- Pidgins have a comparatively high degree of phonological simplicity:
(a) Pidgins avoid difficult sounds, i.e. those sounds that are phonologically highly marked.
(b) Pidgins show a simple syllable structure (consonant-vowel).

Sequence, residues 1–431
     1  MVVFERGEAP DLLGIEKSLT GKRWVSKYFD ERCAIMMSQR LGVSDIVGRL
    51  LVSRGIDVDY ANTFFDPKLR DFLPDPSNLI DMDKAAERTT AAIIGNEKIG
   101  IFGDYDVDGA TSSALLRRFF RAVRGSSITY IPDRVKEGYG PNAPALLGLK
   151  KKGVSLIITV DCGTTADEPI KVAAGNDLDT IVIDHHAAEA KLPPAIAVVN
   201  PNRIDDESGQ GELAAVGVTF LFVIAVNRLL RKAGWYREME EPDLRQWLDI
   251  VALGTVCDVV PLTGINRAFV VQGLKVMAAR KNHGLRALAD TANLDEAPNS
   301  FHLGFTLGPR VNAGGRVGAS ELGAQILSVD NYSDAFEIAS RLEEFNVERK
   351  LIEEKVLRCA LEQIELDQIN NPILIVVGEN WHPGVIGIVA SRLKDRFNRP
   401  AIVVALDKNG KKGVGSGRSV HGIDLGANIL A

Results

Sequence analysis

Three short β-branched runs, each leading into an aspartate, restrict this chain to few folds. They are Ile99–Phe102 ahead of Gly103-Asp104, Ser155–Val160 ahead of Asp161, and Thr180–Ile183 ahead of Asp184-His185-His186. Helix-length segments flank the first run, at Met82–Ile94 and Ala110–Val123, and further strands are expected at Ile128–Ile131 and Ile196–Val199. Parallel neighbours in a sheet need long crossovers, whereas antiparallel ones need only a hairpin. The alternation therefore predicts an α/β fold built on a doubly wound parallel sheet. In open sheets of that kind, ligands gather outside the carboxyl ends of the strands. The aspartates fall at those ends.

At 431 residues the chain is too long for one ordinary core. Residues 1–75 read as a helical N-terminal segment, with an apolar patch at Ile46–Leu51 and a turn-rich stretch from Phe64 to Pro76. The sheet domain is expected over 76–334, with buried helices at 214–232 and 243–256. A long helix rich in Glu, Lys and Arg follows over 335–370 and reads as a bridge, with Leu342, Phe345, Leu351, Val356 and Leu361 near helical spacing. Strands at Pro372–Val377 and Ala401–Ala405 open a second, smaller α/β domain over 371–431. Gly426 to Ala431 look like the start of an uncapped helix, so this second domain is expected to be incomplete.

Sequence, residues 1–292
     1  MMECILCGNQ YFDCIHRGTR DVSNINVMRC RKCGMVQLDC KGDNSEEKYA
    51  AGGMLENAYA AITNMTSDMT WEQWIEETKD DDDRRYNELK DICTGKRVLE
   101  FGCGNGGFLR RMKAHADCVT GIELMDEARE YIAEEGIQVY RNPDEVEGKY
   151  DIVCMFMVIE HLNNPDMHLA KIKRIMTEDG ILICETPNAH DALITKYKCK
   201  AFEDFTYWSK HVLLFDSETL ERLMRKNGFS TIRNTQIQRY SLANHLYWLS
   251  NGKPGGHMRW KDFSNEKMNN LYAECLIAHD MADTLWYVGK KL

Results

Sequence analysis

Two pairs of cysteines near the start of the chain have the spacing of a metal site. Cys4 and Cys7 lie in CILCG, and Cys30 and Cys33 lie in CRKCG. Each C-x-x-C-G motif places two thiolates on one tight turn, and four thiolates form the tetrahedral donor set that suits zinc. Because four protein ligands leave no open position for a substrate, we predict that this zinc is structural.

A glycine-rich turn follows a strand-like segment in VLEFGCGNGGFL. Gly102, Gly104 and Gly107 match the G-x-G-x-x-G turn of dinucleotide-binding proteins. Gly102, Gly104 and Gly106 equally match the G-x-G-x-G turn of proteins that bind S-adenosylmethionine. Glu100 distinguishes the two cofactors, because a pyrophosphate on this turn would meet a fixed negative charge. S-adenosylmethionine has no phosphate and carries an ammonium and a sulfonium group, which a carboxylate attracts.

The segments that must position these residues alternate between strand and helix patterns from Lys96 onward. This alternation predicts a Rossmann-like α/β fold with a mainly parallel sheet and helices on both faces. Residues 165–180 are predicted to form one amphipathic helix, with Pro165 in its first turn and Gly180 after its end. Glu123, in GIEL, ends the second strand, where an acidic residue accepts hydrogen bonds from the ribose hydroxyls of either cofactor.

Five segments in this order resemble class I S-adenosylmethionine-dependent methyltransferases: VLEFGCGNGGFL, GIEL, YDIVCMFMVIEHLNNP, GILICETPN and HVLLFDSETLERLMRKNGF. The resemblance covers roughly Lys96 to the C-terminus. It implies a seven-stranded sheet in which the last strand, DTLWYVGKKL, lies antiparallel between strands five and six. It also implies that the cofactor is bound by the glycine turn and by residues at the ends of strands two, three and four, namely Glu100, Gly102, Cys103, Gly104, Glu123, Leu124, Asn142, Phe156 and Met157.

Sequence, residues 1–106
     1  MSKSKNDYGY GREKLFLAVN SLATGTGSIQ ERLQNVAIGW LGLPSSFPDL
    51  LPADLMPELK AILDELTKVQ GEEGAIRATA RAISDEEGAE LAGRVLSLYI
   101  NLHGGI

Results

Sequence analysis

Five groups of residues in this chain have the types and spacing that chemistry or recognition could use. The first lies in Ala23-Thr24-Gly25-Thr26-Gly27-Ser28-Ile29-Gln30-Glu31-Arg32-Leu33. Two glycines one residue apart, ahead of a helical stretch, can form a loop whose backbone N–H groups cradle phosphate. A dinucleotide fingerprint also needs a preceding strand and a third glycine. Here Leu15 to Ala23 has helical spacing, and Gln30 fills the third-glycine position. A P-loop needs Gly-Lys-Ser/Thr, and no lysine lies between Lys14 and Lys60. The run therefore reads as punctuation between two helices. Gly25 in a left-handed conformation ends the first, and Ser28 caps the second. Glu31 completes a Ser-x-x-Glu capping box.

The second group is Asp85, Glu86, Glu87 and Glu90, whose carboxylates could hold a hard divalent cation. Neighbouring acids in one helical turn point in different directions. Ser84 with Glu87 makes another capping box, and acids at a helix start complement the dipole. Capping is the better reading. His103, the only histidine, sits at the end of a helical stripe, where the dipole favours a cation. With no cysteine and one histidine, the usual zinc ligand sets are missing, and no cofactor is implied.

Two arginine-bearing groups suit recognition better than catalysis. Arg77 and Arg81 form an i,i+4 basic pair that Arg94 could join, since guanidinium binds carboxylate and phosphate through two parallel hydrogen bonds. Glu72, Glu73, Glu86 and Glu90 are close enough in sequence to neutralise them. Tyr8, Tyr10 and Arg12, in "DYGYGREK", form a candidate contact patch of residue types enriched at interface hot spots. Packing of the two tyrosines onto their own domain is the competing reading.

(c) Pidgins have a preference for short words, i.e. a small number of syllables per word.
(d) In pidgins tone has no phonemic status, i.e. tone is generally not used to distinguish words.
(Information taken and adapted from Sebba, 1997)